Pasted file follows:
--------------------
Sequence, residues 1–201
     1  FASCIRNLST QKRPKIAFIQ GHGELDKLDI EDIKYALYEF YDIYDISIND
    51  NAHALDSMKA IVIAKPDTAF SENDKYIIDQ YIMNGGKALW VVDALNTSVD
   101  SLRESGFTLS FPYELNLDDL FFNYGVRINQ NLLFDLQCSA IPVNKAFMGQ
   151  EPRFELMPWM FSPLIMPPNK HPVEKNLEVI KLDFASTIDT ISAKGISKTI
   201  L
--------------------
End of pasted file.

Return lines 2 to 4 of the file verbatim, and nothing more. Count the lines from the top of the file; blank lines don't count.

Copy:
     1  FASCIRNLST QKRPKIAFIQ GHGELDKLDI EDIKYALYEF YDIYDISIND
    51  NAHALDSMKA IVIAKPDTAF SENDKYIIDQ YIMNGGKALW VVDALNTSVD
   101  SLRESGFTLS FPYELNLDDL FFNYGVRINQ NLLFDLQCSA IPVNKAFMGQ